People don't have to become millionaires to be happy; they just have to have the opportunity to improve their lot.

    "95% of the population will never be as rich as the top 5%, no matter what Senator McCain promises"
    McCain doesn't promise this. If you think he does, no wonder you're against him. If he really did promise this, I would be against him as well.
    You're using the straw man argument.

    OBAMA'S "CHARMING AMBIGUITY"
    "[McCain] commenting on Senator Obama's eloquence"
    An example of Obama's "eloquence" - He said he will look at offshore drilling. Look at.
    That's politician-speak that makes it sound like he may authorize offshore drilling. But those in the know don't believe that; his record shows he has always been against it.
    McCain sarcastically called that "eloquence." While Obama is capable of eloquence, that's not eloquence; it's, as I said, politician-speak; it's being clever. It's being charmingly ambiguous.

    COLLEGE EDUCATION FOR ALL?
    "whether we actually want what Senator Obama is promising, most particularly, a college-level education for all"
    Not everyone should go to college. Some should apprentice to someone, go to vocational school, or go straight into the work force.
    I have attended a few private exclusive colleges, and there found a few students who had no business there. For example, the child of a rich donor to the school.
    I have also attended three community colleges in three different states and there I have met many more students who also had no business in college.
    It's a lose-lose situation - frustrating for the student as well as his classmates. If you put someone in a situation for which they are ill-equipped you make them feel like a loser.

    Here you describe college:
    "capacity for understanding, not to mention intellectual and spiritual growth"
    College has the potential to be a wonderful place, but liberalism's take-over has greatly hurt academia. In some ways, college and grad school still do expand the mind. In other ways, it (to use your phrase) dumbs down its students. On balance, college makes a person dumber than he was when he entered. More clever maybe, but less wise.
    And yes, I'm implying that conservatism is wisdom and liberalism is foolishness.

    MISUNDERSTANDING MCCAIN
    "the man who is proposing to change our tax structure such that it is more progressive is "too smart" to understand the needs of the "common man," as Senator McCain insinuated more than once"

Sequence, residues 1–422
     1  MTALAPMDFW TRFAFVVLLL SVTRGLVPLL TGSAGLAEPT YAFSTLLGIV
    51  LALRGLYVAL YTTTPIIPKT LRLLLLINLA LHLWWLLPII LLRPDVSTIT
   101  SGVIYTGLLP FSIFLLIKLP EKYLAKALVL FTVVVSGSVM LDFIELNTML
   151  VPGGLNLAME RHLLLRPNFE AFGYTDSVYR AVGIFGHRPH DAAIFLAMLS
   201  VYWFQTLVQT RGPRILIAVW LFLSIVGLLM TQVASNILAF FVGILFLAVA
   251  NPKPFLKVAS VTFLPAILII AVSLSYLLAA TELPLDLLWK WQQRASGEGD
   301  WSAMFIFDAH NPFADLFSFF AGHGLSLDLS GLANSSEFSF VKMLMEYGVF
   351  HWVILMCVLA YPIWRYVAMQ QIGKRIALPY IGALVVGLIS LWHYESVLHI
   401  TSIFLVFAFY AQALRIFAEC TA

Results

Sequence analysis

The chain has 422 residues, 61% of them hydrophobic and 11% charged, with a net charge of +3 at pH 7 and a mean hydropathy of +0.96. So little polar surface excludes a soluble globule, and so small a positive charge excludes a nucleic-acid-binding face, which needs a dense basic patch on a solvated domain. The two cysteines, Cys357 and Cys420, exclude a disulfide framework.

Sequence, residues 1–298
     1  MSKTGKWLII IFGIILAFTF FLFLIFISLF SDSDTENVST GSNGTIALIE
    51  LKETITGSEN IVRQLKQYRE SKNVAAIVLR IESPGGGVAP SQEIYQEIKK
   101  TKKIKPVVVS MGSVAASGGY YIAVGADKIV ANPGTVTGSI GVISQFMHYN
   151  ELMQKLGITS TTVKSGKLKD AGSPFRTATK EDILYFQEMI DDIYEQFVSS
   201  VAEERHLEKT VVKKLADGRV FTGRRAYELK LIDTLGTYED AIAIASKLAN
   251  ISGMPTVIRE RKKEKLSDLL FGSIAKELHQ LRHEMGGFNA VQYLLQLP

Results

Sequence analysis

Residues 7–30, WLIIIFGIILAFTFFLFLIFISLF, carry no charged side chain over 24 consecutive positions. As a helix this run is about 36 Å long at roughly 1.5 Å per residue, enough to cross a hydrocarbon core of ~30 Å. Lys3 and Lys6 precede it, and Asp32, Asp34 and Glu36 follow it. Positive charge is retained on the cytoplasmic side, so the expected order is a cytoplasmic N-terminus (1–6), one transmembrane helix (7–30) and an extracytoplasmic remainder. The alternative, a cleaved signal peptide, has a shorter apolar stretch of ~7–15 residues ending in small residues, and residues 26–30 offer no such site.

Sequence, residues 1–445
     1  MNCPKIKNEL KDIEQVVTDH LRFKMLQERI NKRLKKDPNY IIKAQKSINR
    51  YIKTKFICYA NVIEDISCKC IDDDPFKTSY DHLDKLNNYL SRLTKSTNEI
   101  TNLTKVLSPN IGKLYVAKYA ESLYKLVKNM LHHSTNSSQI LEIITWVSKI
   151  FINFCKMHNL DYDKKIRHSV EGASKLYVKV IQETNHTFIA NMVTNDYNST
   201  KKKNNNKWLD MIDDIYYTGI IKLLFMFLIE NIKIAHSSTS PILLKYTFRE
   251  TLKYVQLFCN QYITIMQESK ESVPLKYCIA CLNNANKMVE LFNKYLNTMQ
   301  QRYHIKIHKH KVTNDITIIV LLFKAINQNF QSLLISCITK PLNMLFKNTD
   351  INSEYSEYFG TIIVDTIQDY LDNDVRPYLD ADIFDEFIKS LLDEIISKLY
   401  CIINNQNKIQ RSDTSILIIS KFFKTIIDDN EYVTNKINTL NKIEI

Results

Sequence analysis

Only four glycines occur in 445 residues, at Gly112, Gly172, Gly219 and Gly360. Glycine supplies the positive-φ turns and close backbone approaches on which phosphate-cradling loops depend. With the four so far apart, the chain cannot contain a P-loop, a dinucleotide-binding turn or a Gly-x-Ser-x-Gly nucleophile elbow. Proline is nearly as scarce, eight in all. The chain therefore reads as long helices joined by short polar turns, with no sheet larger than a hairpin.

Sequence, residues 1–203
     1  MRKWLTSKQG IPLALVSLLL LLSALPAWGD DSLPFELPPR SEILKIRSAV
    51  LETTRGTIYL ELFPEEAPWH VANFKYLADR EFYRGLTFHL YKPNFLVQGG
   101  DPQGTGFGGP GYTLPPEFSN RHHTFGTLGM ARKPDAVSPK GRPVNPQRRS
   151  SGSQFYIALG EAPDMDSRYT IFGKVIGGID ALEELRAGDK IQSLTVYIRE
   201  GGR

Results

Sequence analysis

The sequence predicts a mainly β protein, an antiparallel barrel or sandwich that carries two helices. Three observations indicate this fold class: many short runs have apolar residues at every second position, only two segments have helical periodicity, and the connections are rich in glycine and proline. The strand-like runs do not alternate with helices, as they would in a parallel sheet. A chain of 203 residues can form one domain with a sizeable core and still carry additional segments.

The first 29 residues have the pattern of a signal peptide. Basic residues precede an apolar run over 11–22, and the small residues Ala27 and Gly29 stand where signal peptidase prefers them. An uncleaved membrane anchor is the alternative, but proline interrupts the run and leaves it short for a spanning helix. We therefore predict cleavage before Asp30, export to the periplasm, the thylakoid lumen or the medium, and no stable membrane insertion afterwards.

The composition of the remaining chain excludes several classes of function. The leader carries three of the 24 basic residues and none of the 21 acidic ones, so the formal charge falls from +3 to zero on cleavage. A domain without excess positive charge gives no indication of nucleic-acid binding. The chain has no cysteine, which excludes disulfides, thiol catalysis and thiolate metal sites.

McCain has (correctly) called Obama an elitist.

    ""You," Senator McCain seems to be saying, "may talk pretty, but we don't have to believe you. Just because you can put fancy words to your policies doesn't mean you are actually in favor of the ordinary person""
    He seems to be saying that because you are hearing him through a liberal filter.
    "You," Senator McCain seems to be saying, "may talk pretty"
    Again, what McCain says is that Obama uses politician-speak, i.e. he has the ability to seem to be agreeing with your position, no matter what that position is.

    ""Just because you can put fancy words to your policies doesn't mean you are actually in favor of the ordinary person""
    Conservatism's strongest argument against Obama's proposed policies is that they don't work. They hurt economic growth.
    A much weaker (though I think equally true) argument against Obama is that he in fact does not have much regard for the ordinary person.

    "ordinary person"--who, by implication, is nowhere near as intelligent as Senator Obama"
    If you're saying that conservatives think that Obama is an elitist, that is true. They do think that. And they are correct.

    THE RISK OF STUDYING THEOLOGY
    "perhaps even (God forbid) a little theology"
    Theology is a wonderful field, but every field has its risks.
    Just as sometimes lawyers lose track of justice under all the laws they have to study, the risk of studying theology is that one will miss God's message.

    In this case, God's message is that he wants us to be conservative, and to register and vote Republican.

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  16. Sean,

    You need your own blog. Nobody but me is scrolling down through these incredibly long comments. I understand; you disagree with pretty much everything I wrote in this post. That's fine. We both know how each other is voting. If you want to reach more readers with your own opinions, you need to give yourself your own platform. Mine is now closed for political discussion, at least for the time being.

    It's been fun, and I'll keep reading the WSJ. I hope you enjoy Augustine.

    F.B.

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Thank you for taking the time to respond to my blog post. I look forward to hearing what you think!

F.B.